Optionally, the zeolite may be calcined prior to ammonium salt solution contacting at a temperature of from about 200° C. to about 600° C. in an inert atmosphere for from about 1 minute to about 48 hours. Also, the ammonium salt solution contacted zeolite may be steamed, if desired, prior to the final calcination step. Such optional steaming step may be conducted at a temperature of from about 450° C. to about 550° C., with 20 to 100% steam, for from about 15 minutes to about 24 hours. If the optional steaming step is used, the steamed zeolite may, if desired, be again contacted with an aqueous or non-aqueous ammonium salt solution prior to final calcination.
In short, the following list of activation steps will be followed by the present method:
2. AlF3 contact
3. optional hydrolysis
4. optional calcination
5. NH4 + contact
6. optional steaming
7. optional NH4 + contact
The amount of aluminum fluoride which is utilized in the aluminum fluoride contacting step is not narrowly critical but usually from about 0.1 to about 1 gram of aluminum fluoride is used per gram of high silica crystalline material. The aluminum fluoride may be provided as a precipitate in solution with the zeolite, such as when the zeolite is mixed with an aqueous solution of an aluminum salt, e.g. NaAlO2 or Al(NO3)3, followed by addition to the mixture of a source of fluoride ions, e.g. NH4 F in excess. In this fashion, the aluminum of the salt is converted to AlF3 in solution.
The ammonium salt solution contacting step may be conducted with an aqueous solution of an ammonium salt, e.g NH4 NO3, for a period of time of from about 1 hour to about 20 hours at a temperature of from ambient to about 100° C. The ammonium salt used is not narrowly critical and will normally be an inorganic salt such as ammonium nitrate, ammonium sulfate, ammonium chloride, etc. It may also be conducted in non-aqueous fashion under the same contact conditions such as when the ammonium salt is provided in a saturated alcohol solvent solution. The alcohol solvents useful for this include, as non-limiting examples, ethanol, propanol, butanol and mixtures thereof.
Hydrolysis and the ammonium salt solution contacting steps may be conducted simultaneously when the ammonium salt solution is aqueous. In any event, the benefits gained by the ammonium salt contacting step are realized subsequent to the aluminum fluoride contacting step and prior to final calcination.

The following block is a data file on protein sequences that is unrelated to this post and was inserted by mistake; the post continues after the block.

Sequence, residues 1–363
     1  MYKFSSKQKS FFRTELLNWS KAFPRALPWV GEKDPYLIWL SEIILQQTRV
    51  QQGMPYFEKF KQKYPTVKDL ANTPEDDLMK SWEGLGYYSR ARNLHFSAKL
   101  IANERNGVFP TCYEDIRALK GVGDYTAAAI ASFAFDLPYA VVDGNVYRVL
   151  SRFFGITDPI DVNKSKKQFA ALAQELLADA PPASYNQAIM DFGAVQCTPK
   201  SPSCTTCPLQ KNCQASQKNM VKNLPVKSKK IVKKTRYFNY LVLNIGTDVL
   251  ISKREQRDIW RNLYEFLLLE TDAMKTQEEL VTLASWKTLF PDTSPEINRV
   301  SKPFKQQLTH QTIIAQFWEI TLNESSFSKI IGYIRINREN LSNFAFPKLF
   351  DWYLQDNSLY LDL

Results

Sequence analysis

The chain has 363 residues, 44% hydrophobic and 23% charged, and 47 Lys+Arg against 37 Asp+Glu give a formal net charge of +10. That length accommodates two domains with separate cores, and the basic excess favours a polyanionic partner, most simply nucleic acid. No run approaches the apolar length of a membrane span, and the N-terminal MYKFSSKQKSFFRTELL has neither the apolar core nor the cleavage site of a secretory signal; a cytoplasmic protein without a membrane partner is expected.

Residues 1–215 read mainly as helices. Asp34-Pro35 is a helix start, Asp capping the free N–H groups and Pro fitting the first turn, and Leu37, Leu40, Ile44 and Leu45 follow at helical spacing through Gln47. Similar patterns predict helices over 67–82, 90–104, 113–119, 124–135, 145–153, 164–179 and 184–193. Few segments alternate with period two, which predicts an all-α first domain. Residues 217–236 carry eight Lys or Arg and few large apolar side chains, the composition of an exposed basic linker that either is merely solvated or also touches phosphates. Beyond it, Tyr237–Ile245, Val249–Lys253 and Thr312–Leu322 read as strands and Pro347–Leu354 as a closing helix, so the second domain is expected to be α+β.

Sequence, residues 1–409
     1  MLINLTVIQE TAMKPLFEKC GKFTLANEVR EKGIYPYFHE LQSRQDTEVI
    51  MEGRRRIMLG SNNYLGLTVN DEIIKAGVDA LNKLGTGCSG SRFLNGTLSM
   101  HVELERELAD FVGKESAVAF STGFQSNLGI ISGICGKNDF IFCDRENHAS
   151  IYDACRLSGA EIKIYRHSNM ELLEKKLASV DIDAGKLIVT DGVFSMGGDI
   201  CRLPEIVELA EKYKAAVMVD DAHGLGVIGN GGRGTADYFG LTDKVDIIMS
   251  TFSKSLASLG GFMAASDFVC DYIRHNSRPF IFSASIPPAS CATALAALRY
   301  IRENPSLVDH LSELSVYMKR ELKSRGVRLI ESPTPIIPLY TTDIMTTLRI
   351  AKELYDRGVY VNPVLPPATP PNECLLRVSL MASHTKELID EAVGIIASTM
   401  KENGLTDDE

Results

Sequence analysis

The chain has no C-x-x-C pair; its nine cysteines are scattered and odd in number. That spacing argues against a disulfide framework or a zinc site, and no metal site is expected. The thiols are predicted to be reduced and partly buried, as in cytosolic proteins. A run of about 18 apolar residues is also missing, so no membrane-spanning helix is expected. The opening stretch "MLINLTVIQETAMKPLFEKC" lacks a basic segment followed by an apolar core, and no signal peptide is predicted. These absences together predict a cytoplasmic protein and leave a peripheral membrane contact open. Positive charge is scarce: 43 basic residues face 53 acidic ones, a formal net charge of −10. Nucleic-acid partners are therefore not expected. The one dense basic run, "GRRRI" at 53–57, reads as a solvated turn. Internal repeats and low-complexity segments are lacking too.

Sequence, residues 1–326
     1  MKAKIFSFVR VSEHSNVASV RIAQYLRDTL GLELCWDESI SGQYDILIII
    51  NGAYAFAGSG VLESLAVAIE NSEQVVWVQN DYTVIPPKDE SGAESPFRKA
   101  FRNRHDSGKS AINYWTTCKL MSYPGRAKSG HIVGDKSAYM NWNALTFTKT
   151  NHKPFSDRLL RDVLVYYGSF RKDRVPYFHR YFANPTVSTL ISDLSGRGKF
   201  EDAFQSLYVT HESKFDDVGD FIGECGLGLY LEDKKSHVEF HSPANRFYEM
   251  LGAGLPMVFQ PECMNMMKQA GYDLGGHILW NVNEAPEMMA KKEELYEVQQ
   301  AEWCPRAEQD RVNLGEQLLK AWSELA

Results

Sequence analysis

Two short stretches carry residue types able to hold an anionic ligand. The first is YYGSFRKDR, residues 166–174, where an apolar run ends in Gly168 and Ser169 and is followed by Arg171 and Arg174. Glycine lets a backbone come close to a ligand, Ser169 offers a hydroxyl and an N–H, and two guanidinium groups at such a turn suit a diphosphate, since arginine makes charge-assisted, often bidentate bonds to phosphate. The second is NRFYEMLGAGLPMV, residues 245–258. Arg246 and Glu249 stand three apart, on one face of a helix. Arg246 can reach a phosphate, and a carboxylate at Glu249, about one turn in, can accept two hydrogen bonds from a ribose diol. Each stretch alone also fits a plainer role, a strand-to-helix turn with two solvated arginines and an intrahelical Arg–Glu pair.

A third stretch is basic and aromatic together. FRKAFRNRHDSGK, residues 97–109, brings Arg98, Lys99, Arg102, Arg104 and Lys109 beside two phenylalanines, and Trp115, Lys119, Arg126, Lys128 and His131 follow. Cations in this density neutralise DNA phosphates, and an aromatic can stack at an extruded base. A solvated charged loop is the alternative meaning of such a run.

Of the high silica zeolite materials advantageously treated in accordance herewith, zeolites ZSM-5, ZSM-11, ZSM-5/ZSM-11 intermediate, ZSM-12, ZSM-23, ZSM-35, ZSM-38 and ZSM-48 are particularly noted. ZSM-5 is described in U.S. Pat. Nos. 3,702,886 and Re. 29,948, the entire contents of each being hereby incorporated by reference herein. ZSM-11 is described in U.S. Pat. No. 3,709,979, the entire teaching of which is incorporated herein by reference. The entire contents of U.S. Pat. Nos. 4,229,424; 3,832,449; 4,076,842; 4,016,245; 4,046,859 and 4,397,827, describing ZSM-5/ZSM-11 intermediate, ZSM-12, ZSM-23, ZSM-35, ZSM-38 and ZSM-48, respectively, are incorporated herein by reference.
In general, organic compounds such as, for example, those selected from the group consisting of hydrocarbons, alcohols and ethers, are converted to conversion products such as, for example, aromatics and lower molecular weight hydrocarbons, over the activity enhanced crystalline zeolite prepared as above by contact under organic compound conversion conditions including a temperature of from about 100° C. to about 800° C., a pressure of from about 0.1 atmosphere (bar) to about 200 atmospheres, a weight hourly space velocity of from about 0.08 hr--1 to about 2000 hr--1 and a hydrogen/feedstock organic compound mole ratio of from 0 (no added hydrogen) to about 100.